Some insurers may give you a discount if you pay your premium annually instead of monthly.

Have your landlord install safety and security equipment

There may be common areas where your landlord can place security cameras, or they can make safer. You’ll get discounts if you live in a more secure home or building.

Look for discounts

Whether you buy online or through an agent, check into the insurer's available discounts and see what you qualify for. It can save you quite a bit of money over time.

Switch from Replacement Cost to Actual Cash Value coverage

You won’t get reimbursed as much for lost or stolen items, but you will lower your premium.

Consider moving to a different neighborhood

If you live in a community with a high crime rate, you’ll pay more for your coverage. If you can, move to a safer, more secure zip code to lower your premiums.

Maintain good credit

Insurers take your credit into account when determining rates. They believe that your credit score is an indicator of how responsible you are.

What Does Renters Insurance Cover?

The exact details of what your renters insurance does and doesn’t cover will be spelled out in your policy, but here’s what you’ll typically find.

Renters insurance generally provides these four types of protection.

Personal property damage

If your property is lost, damaged, or stolen, renters insurance will cover the cost up to your policy’s limits. The cause of the loss must be named in your policy.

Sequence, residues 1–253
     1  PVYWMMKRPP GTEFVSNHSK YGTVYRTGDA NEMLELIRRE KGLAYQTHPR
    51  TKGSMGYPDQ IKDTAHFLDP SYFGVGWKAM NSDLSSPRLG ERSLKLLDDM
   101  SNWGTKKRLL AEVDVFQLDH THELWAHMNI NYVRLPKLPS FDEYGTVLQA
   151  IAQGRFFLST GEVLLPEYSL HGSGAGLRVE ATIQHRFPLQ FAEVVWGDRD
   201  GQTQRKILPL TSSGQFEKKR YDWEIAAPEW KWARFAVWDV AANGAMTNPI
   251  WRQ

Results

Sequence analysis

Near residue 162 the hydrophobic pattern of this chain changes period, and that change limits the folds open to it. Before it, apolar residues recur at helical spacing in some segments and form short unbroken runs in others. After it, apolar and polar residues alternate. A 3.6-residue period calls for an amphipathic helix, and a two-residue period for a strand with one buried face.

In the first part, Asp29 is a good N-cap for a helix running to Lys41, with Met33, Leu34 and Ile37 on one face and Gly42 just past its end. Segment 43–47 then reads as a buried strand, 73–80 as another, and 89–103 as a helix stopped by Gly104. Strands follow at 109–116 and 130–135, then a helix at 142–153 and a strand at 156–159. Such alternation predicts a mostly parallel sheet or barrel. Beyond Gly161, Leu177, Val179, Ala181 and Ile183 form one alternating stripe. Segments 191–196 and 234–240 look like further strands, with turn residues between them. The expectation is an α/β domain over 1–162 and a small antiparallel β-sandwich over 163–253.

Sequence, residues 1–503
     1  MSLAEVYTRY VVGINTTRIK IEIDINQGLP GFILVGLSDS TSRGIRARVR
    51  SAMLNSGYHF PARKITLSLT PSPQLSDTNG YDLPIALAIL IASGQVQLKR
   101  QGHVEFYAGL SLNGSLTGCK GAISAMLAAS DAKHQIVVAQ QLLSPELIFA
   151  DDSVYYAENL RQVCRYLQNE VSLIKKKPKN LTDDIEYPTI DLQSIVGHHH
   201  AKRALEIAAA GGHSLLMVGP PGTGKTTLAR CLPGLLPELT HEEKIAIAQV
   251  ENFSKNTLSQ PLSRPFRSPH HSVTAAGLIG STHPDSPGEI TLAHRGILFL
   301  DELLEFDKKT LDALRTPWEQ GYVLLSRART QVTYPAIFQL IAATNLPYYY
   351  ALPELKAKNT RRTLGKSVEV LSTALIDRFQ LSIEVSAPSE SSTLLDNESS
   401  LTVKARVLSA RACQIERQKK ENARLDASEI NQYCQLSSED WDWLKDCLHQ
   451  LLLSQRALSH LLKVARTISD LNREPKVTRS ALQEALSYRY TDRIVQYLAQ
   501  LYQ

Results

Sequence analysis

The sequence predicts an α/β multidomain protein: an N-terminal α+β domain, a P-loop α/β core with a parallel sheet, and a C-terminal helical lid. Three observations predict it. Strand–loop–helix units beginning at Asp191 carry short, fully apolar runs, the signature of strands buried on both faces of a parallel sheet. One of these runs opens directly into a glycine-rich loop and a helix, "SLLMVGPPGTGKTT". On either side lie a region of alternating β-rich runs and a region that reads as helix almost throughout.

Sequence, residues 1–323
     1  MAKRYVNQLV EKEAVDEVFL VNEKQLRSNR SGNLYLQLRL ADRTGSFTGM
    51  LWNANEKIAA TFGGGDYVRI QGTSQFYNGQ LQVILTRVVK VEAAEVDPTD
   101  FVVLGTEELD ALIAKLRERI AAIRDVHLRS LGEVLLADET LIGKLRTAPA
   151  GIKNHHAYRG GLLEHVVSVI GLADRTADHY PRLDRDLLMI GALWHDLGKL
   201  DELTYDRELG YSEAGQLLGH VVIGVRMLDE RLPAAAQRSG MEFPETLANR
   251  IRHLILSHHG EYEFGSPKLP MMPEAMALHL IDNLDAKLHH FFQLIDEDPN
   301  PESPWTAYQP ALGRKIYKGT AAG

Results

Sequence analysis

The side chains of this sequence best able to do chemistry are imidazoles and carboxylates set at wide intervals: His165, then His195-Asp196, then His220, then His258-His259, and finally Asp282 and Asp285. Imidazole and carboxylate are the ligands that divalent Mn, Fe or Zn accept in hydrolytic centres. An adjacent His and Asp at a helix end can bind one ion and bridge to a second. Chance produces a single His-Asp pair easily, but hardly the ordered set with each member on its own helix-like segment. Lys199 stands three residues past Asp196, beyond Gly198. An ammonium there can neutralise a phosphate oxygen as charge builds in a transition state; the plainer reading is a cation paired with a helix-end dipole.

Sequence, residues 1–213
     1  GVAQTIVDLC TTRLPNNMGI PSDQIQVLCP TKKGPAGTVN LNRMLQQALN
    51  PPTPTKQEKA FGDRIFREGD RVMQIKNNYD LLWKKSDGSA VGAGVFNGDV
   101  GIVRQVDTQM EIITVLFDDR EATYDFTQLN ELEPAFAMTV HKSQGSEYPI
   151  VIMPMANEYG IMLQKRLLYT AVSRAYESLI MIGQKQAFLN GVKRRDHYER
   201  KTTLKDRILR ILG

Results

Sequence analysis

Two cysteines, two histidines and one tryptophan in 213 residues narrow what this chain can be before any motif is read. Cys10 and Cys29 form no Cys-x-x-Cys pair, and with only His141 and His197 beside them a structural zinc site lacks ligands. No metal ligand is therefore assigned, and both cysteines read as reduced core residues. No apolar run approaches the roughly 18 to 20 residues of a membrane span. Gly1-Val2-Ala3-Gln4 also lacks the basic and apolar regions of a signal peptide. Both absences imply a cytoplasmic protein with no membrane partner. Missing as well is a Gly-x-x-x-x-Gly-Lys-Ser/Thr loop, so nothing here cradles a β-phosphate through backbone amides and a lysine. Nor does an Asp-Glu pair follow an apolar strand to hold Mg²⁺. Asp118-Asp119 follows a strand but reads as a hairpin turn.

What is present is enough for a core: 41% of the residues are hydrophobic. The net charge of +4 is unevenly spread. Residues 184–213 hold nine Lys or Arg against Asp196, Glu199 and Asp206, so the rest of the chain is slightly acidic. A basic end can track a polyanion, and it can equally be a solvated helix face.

Personal liability

If someone is injured or their property is damaged while they’re visiting you and you’re blamed for it, your policy will cover liability costs, including any legal expenses you have to defend yourself. Standard policies include up to $100,000 in liability coverage.

Additional living expenses

If your rental home is damaged by a covered peril to the extent that you can’t live in it while it’s being repaired or rebuilt, your renters insurance will pay for expenses higher than your everyday living expenses, such as a higher housing cost or dining out.

Medical payments

Your renters policy will cover a guest's medical costs if they’re injured on your property, up to the policy’s limits. Unlike your personal liability coverage, medical payments under this coverage cover the medical costs regardless of who was at fault.

Additional coverage to consider

In addition to the four primary coverages we just looked at, renters insurance often provides several supplementary coverages:

Debris removal

If your property is a total loss and needs to be carried away, this is covered under your personal property limits.

Building alterations or additions

If you paid for alterations or upgrades damaged by a covered event, you can be reimbursed up to a certain percentage of your personal property coverage limit, typically 15%.

Credit card check and forgery